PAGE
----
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Personal Finance Tips to Help Change Your Money Mindset

There is no denying that money is an integral part of everyday life. You need it to pay bills, acquire possessions, get food, and save for the future. While it holds a certain importance in life, being prudent with money is also key. Knowing how to use money to get ahead may require a shift in your mindset. According to Cristina Guglielmetti, president of Future Perfect Planning,1 people who have out-of-control spending habits may be reluctant to acknowledge their financial situation. This makes it easy to pretend spending isn’t what it actually is. So, how do you shift your money mindset? Here are a few tips:

Be Honest With Yourself

You may not be happy where you are financially, but you cannot move ahead and take steps to fix things unless you are honest with yourself about your situation. Assess your finances – have you been wise in your spending? How is your credit? Do you have a budget? Are you on track to retire? Are you knee-deep in debt? Taking stock of where you stand when it comes to your finances is the first step. Once you do this, you will be able to start planning to fix those underlying issues, create a budget and plan to save.

Stop Wasting Time

The only real solution for fixing the problem is to do it, and do it now. Even if you have had financial difficulties, continuously avoiding the problem is not going to fix it. In fact, it most likely will just make things worse. You may be feeling as if you can’t get out of the rut, but the only way to make progress is to get started. Taking action is the key.

Keep It Simple

Don’t make things complicated. Use a simple method to assess your income and bills – write it all out. Then, take note of where you can cut spending and start small. One of the best ways to start getting your savings in order is to automate the process. You can’t spend it if you don’t see it. Make sure the money is going into savings and retirement accounts by automatic transfer and limit your accessibility to those funds. You will be surprised how quickly little amounts can add up.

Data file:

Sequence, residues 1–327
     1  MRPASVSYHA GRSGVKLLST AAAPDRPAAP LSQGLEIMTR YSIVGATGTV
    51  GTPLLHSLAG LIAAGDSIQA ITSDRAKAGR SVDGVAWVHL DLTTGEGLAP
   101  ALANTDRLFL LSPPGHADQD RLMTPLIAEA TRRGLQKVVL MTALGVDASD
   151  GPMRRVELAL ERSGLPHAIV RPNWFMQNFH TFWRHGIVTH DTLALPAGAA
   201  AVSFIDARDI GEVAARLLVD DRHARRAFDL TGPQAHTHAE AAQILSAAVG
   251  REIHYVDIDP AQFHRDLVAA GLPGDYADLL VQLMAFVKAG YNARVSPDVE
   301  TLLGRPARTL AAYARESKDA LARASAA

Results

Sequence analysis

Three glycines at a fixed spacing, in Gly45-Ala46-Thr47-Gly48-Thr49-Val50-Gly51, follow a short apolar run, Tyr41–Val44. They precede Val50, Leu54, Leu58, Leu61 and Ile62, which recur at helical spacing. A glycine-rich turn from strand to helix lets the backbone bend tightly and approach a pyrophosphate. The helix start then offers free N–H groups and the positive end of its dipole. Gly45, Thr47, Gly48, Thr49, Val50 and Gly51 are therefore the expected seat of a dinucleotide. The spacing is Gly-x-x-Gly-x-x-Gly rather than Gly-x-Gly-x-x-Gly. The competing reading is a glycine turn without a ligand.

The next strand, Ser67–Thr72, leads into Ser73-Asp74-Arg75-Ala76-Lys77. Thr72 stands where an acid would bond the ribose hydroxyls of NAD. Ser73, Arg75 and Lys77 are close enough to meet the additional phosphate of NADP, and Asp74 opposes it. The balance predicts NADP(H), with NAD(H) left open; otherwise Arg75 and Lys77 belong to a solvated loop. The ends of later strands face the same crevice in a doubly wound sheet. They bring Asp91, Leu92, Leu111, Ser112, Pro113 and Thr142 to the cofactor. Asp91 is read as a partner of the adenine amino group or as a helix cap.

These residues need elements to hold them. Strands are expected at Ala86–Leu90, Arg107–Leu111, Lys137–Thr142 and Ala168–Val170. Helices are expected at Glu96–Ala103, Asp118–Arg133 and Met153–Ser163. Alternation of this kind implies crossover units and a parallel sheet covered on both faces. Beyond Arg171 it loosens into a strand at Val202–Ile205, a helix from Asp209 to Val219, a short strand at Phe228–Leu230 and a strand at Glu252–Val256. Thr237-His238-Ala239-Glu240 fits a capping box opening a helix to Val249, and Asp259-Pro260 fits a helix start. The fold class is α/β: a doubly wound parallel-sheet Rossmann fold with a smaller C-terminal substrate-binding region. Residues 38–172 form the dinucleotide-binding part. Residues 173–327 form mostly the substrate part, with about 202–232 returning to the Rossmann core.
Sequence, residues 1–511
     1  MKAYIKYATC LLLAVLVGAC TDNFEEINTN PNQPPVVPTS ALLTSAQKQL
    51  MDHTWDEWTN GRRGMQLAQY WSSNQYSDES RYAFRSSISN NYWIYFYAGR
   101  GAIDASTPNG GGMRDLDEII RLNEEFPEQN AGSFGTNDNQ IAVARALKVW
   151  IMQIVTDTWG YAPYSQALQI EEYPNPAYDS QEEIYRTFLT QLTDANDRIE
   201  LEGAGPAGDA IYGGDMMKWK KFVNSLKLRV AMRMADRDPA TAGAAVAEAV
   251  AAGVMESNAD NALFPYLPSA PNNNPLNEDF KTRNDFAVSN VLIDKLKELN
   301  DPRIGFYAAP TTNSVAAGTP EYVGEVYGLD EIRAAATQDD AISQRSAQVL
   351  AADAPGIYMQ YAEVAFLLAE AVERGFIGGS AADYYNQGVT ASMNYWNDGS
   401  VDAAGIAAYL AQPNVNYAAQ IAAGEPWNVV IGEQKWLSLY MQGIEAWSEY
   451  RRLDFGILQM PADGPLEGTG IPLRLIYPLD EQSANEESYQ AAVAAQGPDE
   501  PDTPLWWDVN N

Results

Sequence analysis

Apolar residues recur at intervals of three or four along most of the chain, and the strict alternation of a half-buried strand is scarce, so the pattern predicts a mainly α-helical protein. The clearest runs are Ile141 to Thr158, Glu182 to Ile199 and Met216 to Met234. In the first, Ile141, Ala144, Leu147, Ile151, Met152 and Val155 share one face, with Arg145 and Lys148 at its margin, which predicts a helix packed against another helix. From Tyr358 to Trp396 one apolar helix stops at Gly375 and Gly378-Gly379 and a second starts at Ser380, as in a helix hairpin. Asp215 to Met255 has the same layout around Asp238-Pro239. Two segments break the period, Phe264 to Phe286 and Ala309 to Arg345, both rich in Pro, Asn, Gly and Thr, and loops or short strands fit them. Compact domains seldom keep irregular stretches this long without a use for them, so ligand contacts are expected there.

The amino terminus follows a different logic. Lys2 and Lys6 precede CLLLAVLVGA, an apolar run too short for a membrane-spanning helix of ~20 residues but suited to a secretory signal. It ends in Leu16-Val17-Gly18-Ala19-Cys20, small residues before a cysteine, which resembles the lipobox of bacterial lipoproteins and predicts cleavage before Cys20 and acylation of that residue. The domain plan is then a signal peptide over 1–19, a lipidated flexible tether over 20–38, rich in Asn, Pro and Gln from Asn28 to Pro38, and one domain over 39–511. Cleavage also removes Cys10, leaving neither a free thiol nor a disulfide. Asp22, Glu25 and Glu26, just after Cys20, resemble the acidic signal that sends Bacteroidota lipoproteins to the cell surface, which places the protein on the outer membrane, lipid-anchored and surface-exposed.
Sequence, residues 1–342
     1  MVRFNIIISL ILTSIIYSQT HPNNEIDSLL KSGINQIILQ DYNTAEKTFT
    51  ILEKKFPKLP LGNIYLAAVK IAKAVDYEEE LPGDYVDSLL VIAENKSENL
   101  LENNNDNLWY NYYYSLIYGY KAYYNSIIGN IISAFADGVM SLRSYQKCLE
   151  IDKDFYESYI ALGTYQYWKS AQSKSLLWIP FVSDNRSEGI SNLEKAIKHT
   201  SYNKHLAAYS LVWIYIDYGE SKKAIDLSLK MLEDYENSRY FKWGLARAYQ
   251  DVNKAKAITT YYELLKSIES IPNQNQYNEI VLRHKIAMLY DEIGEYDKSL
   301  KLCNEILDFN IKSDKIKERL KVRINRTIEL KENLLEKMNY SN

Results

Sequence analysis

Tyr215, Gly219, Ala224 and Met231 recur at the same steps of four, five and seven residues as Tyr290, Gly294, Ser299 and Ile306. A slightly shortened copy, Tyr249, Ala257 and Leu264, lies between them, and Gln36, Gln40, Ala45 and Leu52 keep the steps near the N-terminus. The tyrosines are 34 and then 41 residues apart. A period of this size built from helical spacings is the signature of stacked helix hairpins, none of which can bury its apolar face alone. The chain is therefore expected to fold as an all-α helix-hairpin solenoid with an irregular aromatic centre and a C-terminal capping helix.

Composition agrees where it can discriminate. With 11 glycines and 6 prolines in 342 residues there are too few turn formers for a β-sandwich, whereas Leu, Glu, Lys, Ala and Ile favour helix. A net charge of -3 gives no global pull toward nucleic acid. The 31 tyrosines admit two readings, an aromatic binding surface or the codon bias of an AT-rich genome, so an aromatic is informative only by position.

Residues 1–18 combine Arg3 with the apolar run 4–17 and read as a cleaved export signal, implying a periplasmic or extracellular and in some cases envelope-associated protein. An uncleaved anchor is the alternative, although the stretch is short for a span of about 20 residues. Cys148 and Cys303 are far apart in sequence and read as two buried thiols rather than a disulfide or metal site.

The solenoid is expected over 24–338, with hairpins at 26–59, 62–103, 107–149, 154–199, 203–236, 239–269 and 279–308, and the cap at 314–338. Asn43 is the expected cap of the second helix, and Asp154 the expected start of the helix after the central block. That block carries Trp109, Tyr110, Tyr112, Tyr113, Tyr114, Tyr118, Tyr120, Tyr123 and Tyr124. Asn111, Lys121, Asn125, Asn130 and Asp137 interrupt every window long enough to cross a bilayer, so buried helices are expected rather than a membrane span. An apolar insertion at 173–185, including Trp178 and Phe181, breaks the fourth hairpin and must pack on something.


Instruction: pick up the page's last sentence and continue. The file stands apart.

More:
Don’t Rush the Process

Everything takes time. Every little step you take points you in the right direction. Now is the time to think about your mindset. Did you watch your parents have money issues? Are you using money as a crutch for something deeper? Why do you overspend? Does thinking about your future and saving money make you feel sad? If any of these scenarios sound familiar, it’s time to deal with it. Once you realize why your relationship with money is the way it is, you can start to heal.

Live Within Your Means

This is something that many people struggle with. Even if you make a significant amount of money, that doesn’t mean it’s your job to spend it all. Try doing something simple like making your lunch instead of eating out. Add up all the money you were going to spend that week on eating out and deposit it into your savings account. Next, give yourself 48 hours before you make a purchase on a luxury item. Think needs, not wants. If you still want it in 48 hours, maybe you can deal with spending the money. If you have forgotten about it, chances are you wanted it on an impulse.

Focus on Yourself

Getting your mindset in the right place is a lot like training for a marathon. Do your research and find out what investments are of interest to you. Take the time to search for accounts that will give you the best return on your money. Give yourself a pat on the back every time you saved money instead of spending. Those little things make the difference.

Changing your mindset can be challenging, but it’s doable once you commit to it. Things may not go smoothly in the beginning, but always remember – just because you started slow doesn’t mean you have failed. Take solace in knowing you had the courage to start.

1 https://blog.equifax.com/credit/5-ways-to-change-your-money-mindset

This content is developed from sources believed to be providing accurate information, and provided by Twenty Over Ten. The information in this material is not intended as investment, tax, or legal advice. It may not be used for the purpose of avoiding any federal tax penalties. Please consult legal or tax professionals for specific information regarding your individual situation. The opinions expressed and material provided are for general information, and should not be considered a solicitation for the purchase or sale of any security.

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